Channel Seven trawled through Amy's social media account and found footage of her taking part with one of her sisters, in a satirical send up of My Kitchen Rules, a Channel Seven Production.
In July 2016 she was dismissed for "serious misconduct", but sued the network asserting her sacking was because of her original harassment complaint against Mr Lohse and not a send up of a cooking show.
The alleged wrongful dismissal suit was settled out of court in a confidential agreement in February this year. Mr Lohse faced no consequences over the harassment allegations although he made a public apology.
He is currently working for Channel Seven's Today Tonight in Brisbane.
Amy Taeuber lost her job.
In a recent statement, Channel Seven said, "There was an investigation into alleged breaches of Amy Taeuber's employment contract. Seven's HR team did not try to build any case against her and their investigation was not related to any complaint made by Amy about other staff."
The problem was Channel Seven only started looking for 'evidence' to be used against her after she has raised the Lohse comment matter. Why would they do that? She had ruffled feathers. Noses had got out of joint. Sound like she would have made an excellent reporter.
Amy's story was catapulted back into the headlines most recently when ABC's 7.30 broadcast audio recordingsof a telephone-on-speaker meeting she had with Channel Seven's HR manager.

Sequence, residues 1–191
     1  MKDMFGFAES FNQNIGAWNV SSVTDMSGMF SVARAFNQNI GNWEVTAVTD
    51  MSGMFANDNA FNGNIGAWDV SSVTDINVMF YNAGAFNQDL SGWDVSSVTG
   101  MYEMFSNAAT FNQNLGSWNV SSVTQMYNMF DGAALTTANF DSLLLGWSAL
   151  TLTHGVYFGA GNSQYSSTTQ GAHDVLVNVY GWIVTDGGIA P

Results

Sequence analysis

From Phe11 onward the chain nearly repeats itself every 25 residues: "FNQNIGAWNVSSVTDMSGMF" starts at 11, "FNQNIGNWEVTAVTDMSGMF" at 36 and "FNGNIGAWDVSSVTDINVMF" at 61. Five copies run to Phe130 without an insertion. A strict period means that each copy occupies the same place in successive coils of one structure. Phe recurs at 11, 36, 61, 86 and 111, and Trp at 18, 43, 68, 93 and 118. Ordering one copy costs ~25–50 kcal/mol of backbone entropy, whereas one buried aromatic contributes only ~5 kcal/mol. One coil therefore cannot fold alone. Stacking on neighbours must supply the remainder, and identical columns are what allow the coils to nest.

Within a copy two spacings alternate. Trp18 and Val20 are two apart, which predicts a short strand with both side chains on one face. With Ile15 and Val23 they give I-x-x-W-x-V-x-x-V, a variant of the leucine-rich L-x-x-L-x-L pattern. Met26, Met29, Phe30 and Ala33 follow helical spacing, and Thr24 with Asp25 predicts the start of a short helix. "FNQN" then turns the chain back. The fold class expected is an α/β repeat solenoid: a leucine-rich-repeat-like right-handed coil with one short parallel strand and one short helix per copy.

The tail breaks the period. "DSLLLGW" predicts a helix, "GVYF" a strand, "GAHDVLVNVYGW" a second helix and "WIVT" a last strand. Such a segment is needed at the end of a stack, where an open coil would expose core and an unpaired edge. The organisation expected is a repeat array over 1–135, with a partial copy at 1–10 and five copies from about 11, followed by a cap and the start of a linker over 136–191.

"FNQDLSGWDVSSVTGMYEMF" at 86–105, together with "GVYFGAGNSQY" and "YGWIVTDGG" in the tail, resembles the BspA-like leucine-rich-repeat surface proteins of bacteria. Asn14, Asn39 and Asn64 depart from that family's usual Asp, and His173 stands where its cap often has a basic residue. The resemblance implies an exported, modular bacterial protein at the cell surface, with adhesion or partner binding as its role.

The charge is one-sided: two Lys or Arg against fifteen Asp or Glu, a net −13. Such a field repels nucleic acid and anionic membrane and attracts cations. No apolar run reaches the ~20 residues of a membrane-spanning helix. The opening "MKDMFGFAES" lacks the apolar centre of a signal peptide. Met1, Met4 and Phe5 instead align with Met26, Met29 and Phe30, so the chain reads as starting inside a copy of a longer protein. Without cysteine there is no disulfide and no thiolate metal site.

Amy was told at the meeting that she was not allowed to have a senior staff member in the room as a witness (another mistake) and to hand over her phone and ID card.
She was not permitted to log out of her computer or off her private accounts, including Facebook, before it was seized by the company. All because of a satirical skit? I think not.
It sounds like bulldust doesn't it? So not only had a large news gathering organisation – which has had its own problems at the most senior executive levels – side against the young reporter, they concocted a post facto explanation to try knit some extraordinary loose ends together.
Gloria Steinem said that, "Any woman who chooses to behave like a full human being should be warned that the armies of the status quo will treat her as something of a dirty joke. That's their natural and first weapon. She will need her sisterhood."
Amy Taeuber has her two sisters for support but she has more than that. She stood up to a corporation of hackneyed 'yes sayers' and bullies and told them to stick it. She has guts and guts is enough.
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Malcolm King works in generational workforce change. He was an associate director at DEEWR Labour Market Strategy in Canberra and the senior communications strategist at Carnegie Mellon University. He also runs a professional writing business called Republic.